Definition of mirage in English:

mirage

Pronunciation: /mɪˈrɑːʒ//ˈmɪrɑːʒ/

noun

  • 1An optical illusion caused by atmospheric conditions, especially the appearance of a sheet of water in a desert or on a hot road caused by the refraction of light from the sky by heated air:

    ‘the surface of the road ahead rippled in the heat mirages’
    • ‘At first glance, the Salton Sea appears like a glistening mirage in the California desert - a shimmering landscape of reflected sky and sand.’
    • ‘They're so thirsty for it, they'll crawl through the desert toward a mirage, and when they discover there is no water, they'll drink the sand.’
    • ‘Seeing nothing at all except the distant silver mirages and heat shimmers he once again eased his mount forward.’
    • ‘But he said it was unclear whether the bulge indicated a jagged break in the wing or a mirage caused by atmospheric distortion.’
    • ‘We are like thirsty travellers in a desert chasing mirages.’
    • ‘Heading for the desert he attempts the Marathon des Sables, an exhausting and dangerous seven-day test of ability, to see what effect dry heat has on the weather, from mirages to the deadly desert sandstorm that is the haboob.’
    • ‘Theo and the little girl were now little more than two indistinct specks shimmering in the heat haze, a mirage that was beginning to flicker and break up.’
    • ‘Yes, people had mirages in the desert, but what she was describing was clearly no mirage.’
    • ‘In the heat of the day it spreads a mirage of water over the horizon.’
    • ‘The heat rippled watery mirages on the road, teasing my hot hand with illusory coolness.’
    • ‘Malaysia's hot pursuit a fortnight ago appeared like a mirage in Bahrain's desert expanse.’
    • ‘On the other hand, flying insects can discriminate natural water surfaces from mirages or other ‘virtual’ surfaces using polarization vision.’
    • ‘Their painstaking work reveals what many astronomers suspected but, until now, could never prove: the redshift desert is a mirage.’
    • ‘A mirage is caused by a small refraction of light near a hot surface.’
    • ‘In the heat mirage, it is hard to tell which cars are real and which are not, and the roadside wrecks, crushed flat like compacted drinks cans, are testimony to many a fatal illusion.’
    • ‘But like a sand-crusted desert crawler, forging his way towards a shimmering mirage of water, I found myself on the first day of my arrival scavenging for bagels.’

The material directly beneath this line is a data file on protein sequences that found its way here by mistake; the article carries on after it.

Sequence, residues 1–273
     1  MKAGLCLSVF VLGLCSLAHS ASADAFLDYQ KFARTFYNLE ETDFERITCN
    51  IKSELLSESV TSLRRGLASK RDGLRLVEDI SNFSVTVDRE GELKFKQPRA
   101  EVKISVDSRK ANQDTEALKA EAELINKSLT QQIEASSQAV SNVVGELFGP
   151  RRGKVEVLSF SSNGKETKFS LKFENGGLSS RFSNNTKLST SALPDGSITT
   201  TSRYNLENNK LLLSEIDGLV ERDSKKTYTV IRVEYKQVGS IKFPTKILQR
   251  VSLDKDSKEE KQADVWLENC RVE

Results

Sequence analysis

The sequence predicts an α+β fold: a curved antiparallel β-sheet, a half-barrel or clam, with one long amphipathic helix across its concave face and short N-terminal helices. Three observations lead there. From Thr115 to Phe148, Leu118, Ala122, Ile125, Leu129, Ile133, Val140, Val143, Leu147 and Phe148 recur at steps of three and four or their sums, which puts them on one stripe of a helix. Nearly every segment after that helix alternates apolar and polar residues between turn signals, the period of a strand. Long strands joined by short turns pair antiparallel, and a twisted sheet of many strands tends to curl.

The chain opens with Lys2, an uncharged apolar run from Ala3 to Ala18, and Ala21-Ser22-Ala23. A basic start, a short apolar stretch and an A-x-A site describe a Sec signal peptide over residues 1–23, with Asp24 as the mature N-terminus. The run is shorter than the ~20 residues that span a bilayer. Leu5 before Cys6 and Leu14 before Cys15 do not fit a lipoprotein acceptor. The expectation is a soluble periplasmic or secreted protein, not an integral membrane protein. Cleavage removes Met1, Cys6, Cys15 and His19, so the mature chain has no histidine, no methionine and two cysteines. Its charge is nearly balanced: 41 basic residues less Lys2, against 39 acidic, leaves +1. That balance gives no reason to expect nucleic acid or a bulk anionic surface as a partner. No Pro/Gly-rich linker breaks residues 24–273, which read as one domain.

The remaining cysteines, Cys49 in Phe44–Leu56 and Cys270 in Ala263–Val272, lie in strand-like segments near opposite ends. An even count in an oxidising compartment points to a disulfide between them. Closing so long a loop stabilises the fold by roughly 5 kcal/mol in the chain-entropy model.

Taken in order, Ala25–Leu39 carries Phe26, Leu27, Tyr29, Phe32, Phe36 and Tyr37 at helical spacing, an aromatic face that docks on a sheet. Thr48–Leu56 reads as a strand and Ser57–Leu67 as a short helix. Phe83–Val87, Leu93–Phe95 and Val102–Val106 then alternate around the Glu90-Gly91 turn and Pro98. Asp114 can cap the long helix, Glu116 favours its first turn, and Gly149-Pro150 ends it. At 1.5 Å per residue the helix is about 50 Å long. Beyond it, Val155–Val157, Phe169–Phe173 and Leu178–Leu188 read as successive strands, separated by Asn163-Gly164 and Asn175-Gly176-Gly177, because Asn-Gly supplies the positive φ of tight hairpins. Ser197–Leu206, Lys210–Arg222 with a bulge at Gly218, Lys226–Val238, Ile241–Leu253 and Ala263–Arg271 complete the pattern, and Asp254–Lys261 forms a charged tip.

• ‘After all, mirages were common in deserts like these.’
    • ‘Their eyes are blinded: they will not see that their visions are as baseless and disappointing as the mirage of the African desert.’
    • ‘Across it, turrets of the small white mosque seemed as insubstantial as the wobbling outlines of a heat mirage.’
    • ‘Due to the unpredictability of mirages, these lights can seem to move quickly through the sky and suddenly vanish.’
    optical illusion, hallucination, phantasmagoria, apparition, fantasy, chimera, trick, vision
    delusion, figment of the imagination, misconception, pipe dream, day dream
    phantasm
    View synonyms
    1. 1.1 An unrealistic hope or wish that cannot be achieved:
      ‘the hope of sanctuary initially proved a mirage’
      • ‘Staying in touch also helps you figure out whether he was the real deal or just a mirage.’
      • ‘As far as I was concerned, possibility was a mirage - and as cold as the distant northern lights.’
      • ‘Putting it briefly and bluntly: The trumpeted brisk rebound in U.S. business capital investment is another bullish mirage lacking any serious substance.’
      • ‘The notion that nations compete is a fallacy, as the errors lead to initiatives for exports or other mirages.’
      • ‘They are accountable for producing past profit reports that may have relied excessively on running down reserves to preserve a mirage of real growth.’
      • ‘‘The meeting was full of people who were concerned about anti-social behaviour - either they are all seeing mirages or it is actual fact,’ he said.’
      • ‘In light of such obstacles, divergent national interests and division, real consensus was always a mirage and had been steadily weakening since 1991.’
      • ‘Ah, hope: it's the ultimate mirage in this Wild West town.’
      • ‘Its a mirage, a figment of some businessman's dream or an economists momentary flash of desperation.’
      • ‘But pre-electoral promises are a mirage constructed to come to power and then the real agenda takes over.’
      • ‘Surely, there were signs of our men accomplishing it but that proved a mirage.’
      • ‘The poor might have given him the edge this time, but how happy are they going to be when the promised economic sunshine proves to be a mirage?’
      • ‘Therefore, information technology does not appear as a mirage in Arab countries as it has moved smoothly into the lives and work of people just like other places in the world.’
      • ‘Democratization in Afghanistan, he believes, is a mirage.’
      • ‘We were hoping that sanity will prevail upon New Delhi and Islamabad and they will take a decision on reopening of the road but it again proved a mirage.’
      • ‘Basic services have not been funded and the long promised legislation has proved to be a mirage.’
      • ‘Until this is agreed on, the concept of intermediate care will remain a mirage and its possibilities unknown.’
      • ‘His hot start this year could be another mirage.’
      • ‘And I think there would be a mirage to believe that we are going to win this war with a swift action in Iraq.’
      • ‘The fourth and most important negative point is that the trumpeted recovery in business fixed investment, in particular in high tech, is just another statistical mirage.’

Origin

Early 19th century: from French, from se mirer be reflected, from Latin mirare look at.

Pronunciation:

mirage

/mɪˈrɑːʒ//ˈmɪrɑːʒ/